February 1, 2011, a Tuesday night, proved to be a testament to the power of prayer and a mouth that should have been washed out with soap. We were expecting to get hit with what the meteorologists were calling blizzard conditions starting at around 3:00 p.m. CST. I put my feelers out to my husband (at the farm) and to my sister in Dodgeville that once they saw the snow start to come down, they should call or email me right away because at that point I would head for the hills. My sister Kristi emailed me around 3:30 to say it had just started snowing in Dodgeville. Bob waited until 3:45 to say it has started, so you better head home now. He said the snow wasn’t coming down that hard, it was just that the wind was picking up and getting stronger by the moment.

So by the time I finished up a few things at the office, I finally headed out the door about 4:30. Yep, should have probably gotten on the road a little sooner, but whether I am trying to get out the door in the morning to head to work, or get out the door at night from work to head home, I am always trying to get one more thing done. Hence, the case again. The winds almost seemed like they were whipping in from the East (I suppose more of a Northeasterly wind) because everything was drifting on the east side of the road. The whiteout conditions were the worst. I couldn’t see anything except for a few feet in front of me; okay, maybe more like yards, but seemed like feet! I had my headset on and, as usual, was talking to him all the way home. My end of the conversation was mostly limited to two or three word expletives like “Holy Sh_t” or “Oh My God” because each mile down the road seemed to bring a new adventure. These are the types of adventures I don’t really care for.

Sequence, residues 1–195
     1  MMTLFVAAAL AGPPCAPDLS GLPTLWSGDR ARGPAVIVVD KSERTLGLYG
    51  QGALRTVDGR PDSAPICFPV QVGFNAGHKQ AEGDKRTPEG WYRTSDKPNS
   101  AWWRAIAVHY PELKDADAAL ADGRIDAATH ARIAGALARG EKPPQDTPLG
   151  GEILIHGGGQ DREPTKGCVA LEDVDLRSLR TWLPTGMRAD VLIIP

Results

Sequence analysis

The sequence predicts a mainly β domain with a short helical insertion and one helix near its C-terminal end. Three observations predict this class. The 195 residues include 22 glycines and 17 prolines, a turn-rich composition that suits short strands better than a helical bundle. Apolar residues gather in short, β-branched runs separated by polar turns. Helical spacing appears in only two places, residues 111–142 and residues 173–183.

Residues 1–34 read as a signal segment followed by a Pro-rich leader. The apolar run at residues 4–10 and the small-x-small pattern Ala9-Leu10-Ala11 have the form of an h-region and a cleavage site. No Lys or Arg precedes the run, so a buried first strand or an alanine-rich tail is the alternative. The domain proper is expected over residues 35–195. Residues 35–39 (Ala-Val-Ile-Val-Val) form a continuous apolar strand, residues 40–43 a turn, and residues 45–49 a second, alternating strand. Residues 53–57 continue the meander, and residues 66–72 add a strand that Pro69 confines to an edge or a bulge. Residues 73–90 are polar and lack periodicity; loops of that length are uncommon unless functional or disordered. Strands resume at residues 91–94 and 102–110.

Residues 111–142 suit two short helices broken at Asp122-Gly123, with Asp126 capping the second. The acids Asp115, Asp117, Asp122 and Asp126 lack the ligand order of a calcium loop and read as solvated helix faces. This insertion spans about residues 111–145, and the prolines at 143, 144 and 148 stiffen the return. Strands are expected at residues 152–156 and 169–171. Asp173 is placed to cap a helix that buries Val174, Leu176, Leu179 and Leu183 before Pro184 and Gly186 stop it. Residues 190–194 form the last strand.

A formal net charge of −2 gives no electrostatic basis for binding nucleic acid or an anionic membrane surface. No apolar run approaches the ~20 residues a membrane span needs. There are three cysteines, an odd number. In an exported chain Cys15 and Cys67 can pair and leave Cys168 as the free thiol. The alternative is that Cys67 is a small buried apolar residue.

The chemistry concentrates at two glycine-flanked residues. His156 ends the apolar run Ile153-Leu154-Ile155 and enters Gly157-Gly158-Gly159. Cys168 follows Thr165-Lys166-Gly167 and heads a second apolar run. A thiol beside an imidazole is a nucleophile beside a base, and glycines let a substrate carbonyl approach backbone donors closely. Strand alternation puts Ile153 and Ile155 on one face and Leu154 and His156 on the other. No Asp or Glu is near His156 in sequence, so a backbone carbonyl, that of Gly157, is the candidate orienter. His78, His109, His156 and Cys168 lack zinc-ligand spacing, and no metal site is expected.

My 35-mile ride home seemed to take forever. What normally would have taken me 45 minutes turned into around two hours. Not your scenic Sunday drive, that’s for sure! In essence, if I really want to give myself a little credit, I would say that I did leave just in time. Some of the roads were starting to plug up from the drifts across the road. And since my trusty four-wheel drive Durango is no longer in service, my front-wheel drive Grand Prix had to learn to buck a few drifts she wished she hadn’t seen or will ever see again. My biggest fears along the way were meeting cars. Those that I would meet would be heading North, as I was heading South. Their lane was the one that was completely drifted in, heading into my lane. When the whiteout conditions were happening, the approaching car couldn’t see me and if they were trying to avoid the drifts in their lane and were driving in mine, it does not bode well for them or me. Luckily, once I got off the four-lane highway and was on the two-lane roads, I met very few cars; only two, in fact.